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Title: Ecology and conservation of mountain ungulates in Ladakh, India.
Author: Mallon, David Paul.
ISNI:       0000 0001 3617 6508
Awarding Body: Manchester Metropolitan University
Current Institution: Manchester Metropolitan University
Date of Award: 1998
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Research was carried out in a 15,000 km2 study area in central Ladakh, India. The study area is Transhimalayan in character with ecological affinities to Tibet and Central Asia. The main study species were Ladakh urial Ovis vignei, bharal Pseudois nayaur and Himalayan ibex Capra sibirica, with additional data collected on two species occurring marginally within the study area, argali Ovis ammon and kiang Equus klang. Distributions were mapped in detail. Distribution of urial was restricted to a band along the Indus valley and its tributaries. Bharal and ibex were widely distributed and apparently share the study area. Bharal occur in the eastern part of the Zanskar Range and across the eastern plateau of Ladakh. Ibex occur mainly in the western part of the Zanskar range, along the northern slopes of the Himalayan range and the southern slopes of the Ladakh range. Argali and kiang occur across eastern Ladakh and just reach the eastern edge of the study area; both have occasionally established a presence farther west. Current estimated numbers in the study area were: 500-700 urial; 6,000-10,000 bharal, 3150-6150 ibex, <50 kiang and c. 12 argali. Urial use even terrain between 3000-4250m and avoid areas with cliffs. Ibex and bharal both use altitudes up to 5000m and prefer broken, more rugged terrain which they use as escape cover. Discriminant function analysis showed a clear differentiation between urial habitat and that of ibex and bharal, but a substantial overlap in the habitat used by ibex and bharal. The habitat preferences recorded are similar to what is known of other Caprini species. The ungulate community consisted of three main species, each occupying separate parts of the study area. The abrupt boundary between the distributions of ibex and bharal was examined in the framework of parapatry theory. Conservation prospects for mountain ungulates in the study area are currently satisfactory.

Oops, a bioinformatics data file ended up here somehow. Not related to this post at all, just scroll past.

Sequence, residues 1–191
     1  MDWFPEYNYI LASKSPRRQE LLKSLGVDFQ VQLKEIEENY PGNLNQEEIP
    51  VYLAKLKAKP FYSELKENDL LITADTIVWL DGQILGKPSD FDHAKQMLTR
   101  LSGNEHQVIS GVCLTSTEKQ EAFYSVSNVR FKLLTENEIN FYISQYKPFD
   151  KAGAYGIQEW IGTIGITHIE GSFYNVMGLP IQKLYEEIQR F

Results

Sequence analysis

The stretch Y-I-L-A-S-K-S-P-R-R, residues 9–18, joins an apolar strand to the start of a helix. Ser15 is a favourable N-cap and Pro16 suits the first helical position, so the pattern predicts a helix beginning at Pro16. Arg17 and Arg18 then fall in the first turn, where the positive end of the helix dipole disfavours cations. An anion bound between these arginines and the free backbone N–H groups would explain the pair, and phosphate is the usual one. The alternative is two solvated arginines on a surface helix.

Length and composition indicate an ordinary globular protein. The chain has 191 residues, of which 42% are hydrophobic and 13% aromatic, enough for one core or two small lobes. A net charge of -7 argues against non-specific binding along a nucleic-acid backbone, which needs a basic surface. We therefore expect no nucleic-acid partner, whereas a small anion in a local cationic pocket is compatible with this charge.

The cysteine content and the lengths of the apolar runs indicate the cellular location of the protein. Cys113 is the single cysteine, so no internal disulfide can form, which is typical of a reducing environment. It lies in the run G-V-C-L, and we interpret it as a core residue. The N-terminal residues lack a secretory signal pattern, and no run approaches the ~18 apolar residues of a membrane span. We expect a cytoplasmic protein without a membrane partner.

Supervisor: Not available Sponsor: Not available
Qualification Name: Thesis (Ph.D.) Qualification Level: Doctoral
EThOS ID:  DOI: Not available
Keywords: Caprins; Himalaya